JOHESU urged its members to withdraw their services across the country to key into the industrial action.
The union said it took the decision at its expanded National Executive Council (NEC), which took place on Sunday.
But the government described the proposed strike as ill-timed and illegal.
It asked JOHESU to shelve the action and return to the negotiation table.
At a conciliatory meeting brokered last Thursday by the Minister of Labour and Employment, Chris Ngige, the government announced that it had reached an agreement with the unions.
But JOHESU leaders, at the end of their meeting with the Minister of State for Labour and Employment, Festus Keyamo (SAN); Minister of State for Health, Olorunnimbe Mamora; JOHESU Chairman Biobelemoye Josiah, and other officials, were given till Saturday, September 12, 2020, to report back to the government team.
In a memo on Sunday, JOHESU said the unions unanimously agreed that since nothing concrete was achieved at the conciliatory meeting with the Federal Government last week, the strike notice was “still germane and alive”.
The memo, copies of which were sent to Ngige, was jointly signed by the President of Medical and Health Workers’ Union of Nigeria (MHWUN), Biobelemoye Joy Josiah; Secretary-General of MHWUN, Dr. Silas Adamu; President of National Association of Nigeria Nurses and Midwives (NANNM), Abdulrafiu Adeniji; Secretary-General of NANNM, Thomas Shettima; and President of the Nigerian Union of Allied Health Professionals (NUAHP), Hassan Makolo.
Others included: President of Senior Staff Association of Universities Teaching Hospitals, Research Institutes, Dr. Benjamin Akintola and General Secretary of Non-Academic Staff Union of Educational and Associated Institutions (NASU), Peter Adeyemi.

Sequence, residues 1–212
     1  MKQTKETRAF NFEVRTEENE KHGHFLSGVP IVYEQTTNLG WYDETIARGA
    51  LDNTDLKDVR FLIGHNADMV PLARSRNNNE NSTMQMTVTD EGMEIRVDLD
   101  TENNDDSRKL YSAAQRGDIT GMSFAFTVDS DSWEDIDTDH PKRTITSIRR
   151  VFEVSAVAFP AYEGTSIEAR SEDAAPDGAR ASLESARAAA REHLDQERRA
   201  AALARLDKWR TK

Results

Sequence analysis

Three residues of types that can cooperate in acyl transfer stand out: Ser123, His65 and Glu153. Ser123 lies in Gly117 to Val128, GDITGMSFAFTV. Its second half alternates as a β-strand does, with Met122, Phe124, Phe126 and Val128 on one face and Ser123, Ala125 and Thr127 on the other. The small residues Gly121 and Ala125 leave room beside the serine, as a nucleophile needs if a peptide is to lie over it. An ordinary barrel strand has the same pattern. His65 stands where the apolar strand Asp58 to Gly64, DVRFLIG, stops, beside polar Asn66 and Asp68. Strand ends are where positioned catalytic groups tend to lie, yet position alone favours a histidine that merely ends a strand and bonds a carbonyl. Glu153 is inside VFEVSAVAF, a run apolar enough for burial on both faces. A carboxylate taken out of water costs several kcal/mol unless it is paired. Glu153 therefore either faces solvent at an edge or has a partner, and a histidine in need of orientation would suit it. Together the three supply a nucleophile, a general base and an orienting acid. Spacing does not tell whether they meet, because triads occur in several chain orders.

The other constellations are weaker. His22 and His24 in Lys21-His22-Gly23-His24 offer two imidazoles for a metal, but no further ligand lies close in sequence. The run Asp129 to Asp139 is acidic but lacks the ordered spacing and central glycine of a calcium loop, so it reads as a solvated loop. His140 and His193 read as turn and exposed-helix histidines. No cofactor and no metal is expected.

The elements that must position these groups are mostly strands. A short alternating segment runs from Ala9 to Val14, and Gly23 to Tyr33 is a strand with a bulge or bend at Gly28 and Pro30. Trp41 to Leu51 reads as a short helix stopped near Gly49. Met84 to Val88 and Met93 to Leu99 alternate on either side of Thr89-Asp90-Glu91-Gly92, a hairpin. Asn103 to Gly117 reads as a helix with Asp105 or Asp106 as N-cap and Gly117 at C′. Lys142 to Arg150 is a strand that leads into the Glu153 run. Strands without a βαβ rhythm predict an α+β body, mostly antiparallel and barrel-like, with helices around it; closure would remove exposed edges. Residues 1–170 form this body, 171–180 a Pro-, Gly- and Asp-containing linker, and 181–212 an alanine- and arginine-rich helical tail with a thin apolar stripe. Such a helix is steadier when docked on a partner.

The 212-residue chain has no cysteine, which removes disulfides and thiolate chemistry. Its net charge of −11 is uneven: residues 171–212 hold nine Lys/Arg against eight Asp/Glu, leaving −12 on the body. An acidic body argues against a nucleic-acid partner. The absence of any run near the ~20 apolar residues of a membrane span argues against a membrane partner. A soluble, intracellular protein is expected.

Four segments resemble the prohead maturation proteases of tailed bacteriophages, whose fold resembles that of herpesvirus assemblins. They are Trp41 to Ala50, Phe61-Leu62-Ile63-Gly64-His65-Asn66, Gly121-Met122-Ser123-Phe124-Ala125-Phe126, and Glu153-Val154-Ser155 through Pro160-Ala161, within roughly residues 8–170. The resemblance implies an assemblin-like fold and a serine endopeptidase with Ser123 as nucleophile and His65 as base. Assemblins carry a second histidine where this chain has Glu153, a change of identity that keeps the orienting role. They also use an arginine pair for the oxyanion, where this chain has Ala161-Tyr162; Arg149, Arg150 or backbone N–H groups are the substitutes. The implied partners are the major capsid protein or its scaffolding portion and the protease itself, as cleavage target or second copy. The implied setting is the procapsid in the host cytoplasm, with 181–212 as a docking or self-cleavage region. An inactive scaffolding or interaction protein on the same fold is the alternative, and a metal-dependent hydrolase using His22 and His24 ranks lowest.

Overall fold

It reads: “You would recall that at the end of the meeting held in your office on Thursday, September 10, 2020, JOHESU demanded that the outcome of the meeting between JOHESU and the Federal Government be reported back to our expanded NEC meeting and give a feedback to the Federal Government within 48 hours.
“In the light of the above, the meeting of our expanded NEC was held on Saturday, September 12, 2020. And at the end of the meeting, which was held physically and virtually, it was unanimously agreed that since nothing concrete was achieved at the said meeting with the Federal Government, the strike notice is still germane and alive.
“Therefore, the 15-day ultimatum still subsists, and with effect from midnight of Sunday, September 13, 2020, our members shall withdraw their services due to Federal Government’s inability to meet their demands.”
A statement by the Deputy Director of Press and Public Relations in the Federal Ministry of Labour and Employment, Charles Akpan, said Ngige noted that going ahead with the strike would be illegal as it is in clear breach of the International Labour Organisation (ILO) Principles and Conventions on Strike and Section 18 of the Trades Disputes Act, Cap T8, Laws of the Federation of Nigeria, 2004.